Curb Your Confusiasm
All day I walk around and see signs that say 'Curb Your Dog'. Curb Your Dog! Curb Your Dog! All of a sudden it dawned on me... I'm not really exactly sure what that's supposed to mean. Curb your dog?? What the hell is that? Curb? I guess a side of me always assumed it meant like 'Control Your Dog'. Like don't let your dog bite people's legs or run crazy with foamy rabies or whatever. Control. Curb your enthusiasm type curb.
But when I see a Curb Your Dog sign posted in a flower bed I assume that's means 'Don't Pee Here. Pee elsewhere, dumb dog. Your urine isn't wanted here.' But it is also saying that I should bring my dog to the actual curb to pee or poop? If that's the case, why would that be worded so weird. I mean if you're telling me to curb the dog? Can that be used in a sentence that way if you're referring to the actual curb? Ain't that bad english? (I feel like that nerd in nyt magazine who rambles about this crap. But I wanna know! I just feel weird questioning grammar considering I still don't really even know what a preposition is.)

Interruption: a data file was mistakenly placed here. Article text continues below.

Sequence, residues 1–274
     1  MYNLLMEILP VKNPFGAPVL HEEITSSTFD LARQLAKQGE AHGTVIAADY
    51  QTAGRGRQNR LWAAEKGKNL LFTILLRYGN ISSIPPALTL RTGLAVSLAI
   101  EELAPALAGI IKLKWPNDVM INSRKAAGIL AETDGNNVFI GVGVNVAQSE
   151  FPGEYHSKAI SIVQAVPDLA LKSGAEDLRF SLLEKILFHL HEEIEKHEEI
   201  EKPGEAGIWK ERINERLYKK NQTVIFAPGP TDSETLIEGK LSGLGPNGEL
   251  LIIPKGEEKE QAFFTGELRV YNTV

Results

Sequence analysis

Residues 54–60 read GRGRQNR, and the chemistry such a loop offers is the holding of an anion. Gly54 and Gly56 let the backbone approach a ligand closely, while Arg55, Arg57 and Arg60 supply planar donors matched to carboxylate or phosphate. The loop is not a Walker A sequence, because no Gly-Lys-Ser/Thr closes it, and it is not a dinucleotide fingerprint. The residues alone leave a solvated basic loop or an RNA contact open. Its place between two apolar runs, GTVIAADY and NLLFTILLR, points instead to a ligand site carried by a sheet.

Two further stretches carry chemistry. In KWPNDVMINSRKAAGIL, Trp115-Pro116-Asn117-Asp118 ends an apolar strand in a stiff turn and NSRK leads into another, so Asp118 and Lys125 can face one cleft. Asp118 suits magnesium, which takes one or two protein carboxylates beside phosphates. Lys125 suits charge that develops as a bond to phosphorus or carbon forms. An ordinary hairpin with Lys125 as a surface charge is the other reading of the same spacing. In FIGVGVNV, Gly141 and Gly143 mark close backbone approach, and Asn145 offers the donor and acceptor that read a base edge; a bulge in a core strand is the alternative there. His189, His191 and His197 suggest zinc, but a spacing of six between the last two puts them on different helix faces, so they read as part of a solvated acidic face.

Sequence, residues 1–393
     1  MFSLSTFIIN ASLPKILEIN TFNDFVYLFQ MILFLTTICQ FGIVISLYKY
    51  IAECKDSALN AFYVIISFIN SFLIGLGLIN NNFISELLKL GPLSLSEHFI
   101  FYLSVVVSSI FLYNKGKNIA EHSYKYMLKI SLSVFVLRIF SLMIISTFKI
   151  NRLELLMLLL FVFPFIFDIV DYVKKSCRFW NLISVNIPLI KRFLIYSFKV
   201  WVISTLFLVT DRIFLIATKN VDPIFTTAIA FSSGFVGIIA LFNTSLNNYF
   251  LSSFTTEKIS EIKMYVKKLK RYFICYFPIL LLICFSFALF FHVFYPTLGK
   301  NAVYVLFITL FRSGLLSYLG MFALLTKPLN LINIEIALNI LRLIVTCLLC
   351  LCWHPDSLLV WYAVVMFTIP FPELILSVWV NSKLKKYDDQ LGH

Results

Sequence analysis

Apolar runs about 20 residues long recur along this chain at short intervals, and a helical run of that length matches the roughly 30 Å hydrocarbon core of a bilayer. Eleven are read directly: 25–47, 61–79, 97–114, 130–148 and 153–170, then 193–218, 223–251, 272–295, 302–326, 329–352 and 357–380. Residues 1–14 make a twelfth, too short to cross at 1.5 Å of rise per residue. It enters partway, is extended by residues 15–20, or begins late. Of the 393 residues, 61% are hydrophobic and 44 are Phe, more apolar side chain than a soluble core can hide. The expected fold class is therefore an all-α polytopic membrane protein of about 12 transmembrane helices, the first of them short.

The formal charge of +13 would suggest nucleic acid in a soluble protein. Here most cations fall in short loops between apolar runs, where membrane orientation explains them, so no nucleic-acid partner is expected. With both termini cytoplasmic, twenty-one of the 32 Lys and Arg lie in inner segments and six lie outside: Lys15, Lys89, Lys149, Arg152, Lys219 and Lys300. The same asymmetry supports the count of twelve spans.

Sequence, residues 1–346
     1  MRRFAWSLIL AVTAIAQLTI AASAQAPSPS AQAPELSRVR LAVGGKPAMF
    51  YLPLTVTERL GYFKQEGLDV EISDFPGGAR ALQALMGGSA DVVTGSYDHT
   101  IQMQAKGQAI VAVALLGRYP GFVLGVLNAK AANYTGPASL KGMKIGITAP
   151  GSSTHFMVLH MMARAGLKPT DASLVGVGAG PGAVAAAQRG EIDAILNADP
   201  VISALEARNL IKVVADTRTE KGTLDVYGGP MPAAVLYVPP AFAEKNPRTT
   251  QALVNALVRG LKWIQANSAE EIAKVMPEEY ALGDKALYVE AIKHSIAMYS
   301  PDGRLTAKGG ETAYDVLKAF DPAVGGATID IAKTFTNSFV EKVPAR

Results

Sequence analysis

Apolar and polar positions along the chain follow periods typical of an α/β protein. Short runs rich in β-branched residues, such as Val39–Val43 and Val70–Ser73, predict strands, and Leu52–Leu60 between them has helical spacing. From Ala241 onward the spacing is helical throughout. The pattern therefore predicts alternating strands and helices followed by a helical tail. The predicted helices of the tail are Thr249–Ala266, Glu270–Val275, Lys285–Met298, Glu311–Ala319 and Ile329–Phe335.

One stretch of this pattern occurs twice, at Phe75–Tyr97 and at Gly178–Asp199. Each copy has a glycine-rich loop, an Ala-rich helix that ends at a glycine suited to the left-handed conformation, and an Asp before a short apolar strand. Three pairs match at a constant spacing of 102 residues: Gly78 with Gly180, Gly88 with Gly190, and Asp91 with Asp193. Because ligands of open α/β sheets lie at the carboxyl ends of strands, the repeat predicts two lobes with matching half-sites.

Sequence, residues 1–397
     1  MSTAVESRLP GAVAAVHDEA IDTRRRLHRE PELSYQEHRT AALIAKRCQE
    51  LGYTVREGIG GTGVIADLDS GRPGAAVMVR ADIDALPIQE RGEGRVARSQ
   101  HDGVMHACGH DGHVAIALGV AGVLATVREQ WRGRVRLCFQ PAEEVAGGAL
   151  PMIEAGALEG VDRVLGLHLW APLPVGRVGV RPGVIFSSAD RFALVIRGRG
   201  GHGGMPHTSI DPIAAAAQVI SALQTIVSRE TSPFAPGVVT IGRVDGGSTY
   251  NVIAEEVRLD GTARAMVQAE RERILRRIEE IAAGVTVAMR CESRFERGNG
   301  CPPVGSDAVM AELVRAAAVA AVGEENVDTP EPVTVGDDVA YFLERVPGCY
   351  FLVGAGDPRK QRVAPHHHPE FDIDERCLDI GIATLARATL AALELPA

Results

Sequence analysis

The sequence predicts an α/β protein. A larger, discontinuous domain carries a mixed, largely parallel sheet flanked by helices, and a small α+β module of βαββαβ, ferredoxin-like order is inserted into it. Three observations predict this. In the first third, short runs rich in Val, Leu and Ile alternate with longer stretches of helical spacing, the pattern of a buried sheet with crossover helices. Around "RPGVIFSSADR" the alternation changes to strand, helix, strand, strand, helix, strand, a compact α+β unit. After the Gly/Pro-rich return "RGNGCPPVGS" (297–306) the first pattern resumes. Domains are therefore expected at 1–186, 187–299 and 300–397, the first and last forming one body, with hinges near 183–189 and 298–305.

Anyway also, if 'curb' means they're saying take your dog to the actual sidewalk curb. Technically they don't want your dog pooping directly on the curb itself, right? They really want your dog pooping in the gutter. So shouldn't it be 'Gutter Your Dog'? On top of it, why do people care where my dog poops anyway if I'm picking it up? I dunno. I guess it's just a universal term that if you read between the lines says, 'Don't let your rabies dog bite people for no reason and then piss all over my flowers and then take a dump (and/or barf) in the middle of the sidewalk!! Ok?!'
To be honest, I think I'd appreciate that sign said all that more. It would be funny and I'd know exactly what they're talking about....